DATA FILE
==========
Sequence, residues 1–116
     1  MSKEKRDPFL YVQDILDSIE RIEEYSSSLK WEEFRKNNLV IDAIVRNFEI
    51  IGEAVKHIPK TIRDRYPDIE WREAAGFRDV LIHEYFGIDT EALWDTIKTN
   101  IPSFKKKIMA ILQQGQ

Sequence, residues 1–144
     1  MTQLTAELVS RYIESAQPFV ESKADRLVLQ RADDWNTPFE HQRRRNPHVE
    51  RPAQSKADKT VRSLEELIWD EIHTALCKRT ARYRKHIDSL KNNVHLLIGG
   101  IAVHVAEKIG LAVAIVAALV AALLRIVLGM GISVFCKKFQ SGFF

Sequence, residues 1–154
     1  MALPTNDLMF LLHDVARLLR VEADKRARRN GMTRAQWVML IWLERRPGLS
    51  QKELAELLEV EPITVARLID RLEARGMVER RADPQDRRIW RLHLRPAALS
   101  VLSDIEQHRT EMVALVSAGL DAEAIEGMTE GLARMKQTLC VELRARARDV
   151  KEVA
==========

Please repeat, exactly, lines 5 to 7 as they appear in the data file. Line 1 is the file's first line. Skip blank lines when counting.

Sequence, residues 1–144
     1  MTQLTAELVS RYIESAQPFV ESKADRLVLQ RADDWNTPFE HQRRRNPHVE
    51  RPAQSKADKT VRSLEELIWD EIHTALCKRT ARYRKHIDSL KNNVHLLIGG